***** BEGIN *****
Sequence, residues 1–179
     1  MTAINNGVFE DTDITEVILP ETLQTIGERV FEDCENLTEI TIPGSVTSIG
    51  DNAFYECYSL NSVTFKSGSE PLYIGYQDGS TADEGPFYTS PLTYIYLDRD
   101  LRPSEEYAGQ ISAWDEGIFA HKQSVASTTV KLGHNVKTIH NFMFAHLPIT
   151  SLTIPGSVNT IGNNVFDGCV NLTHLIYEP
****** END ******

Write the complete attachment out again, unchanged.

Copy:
Sequence, residues 1–179
     1  MTAINNGVFE DTDITEVILP ETLQTIGERV FEDCENLTEI TIPGSVTSIG
    51  DNAFYECYSL NSVTFKSGSE PLYIGYQDGS TADEGPFYTS PLTYIYLDRD
   101  LRPSEEYAGQ ISAWDEGIFA HKQSVASTTV KLGHNVKTIH NFMFAHLPIT
   151  SLTIPGSVNT IGNNVFDGCV NLTHLIYEP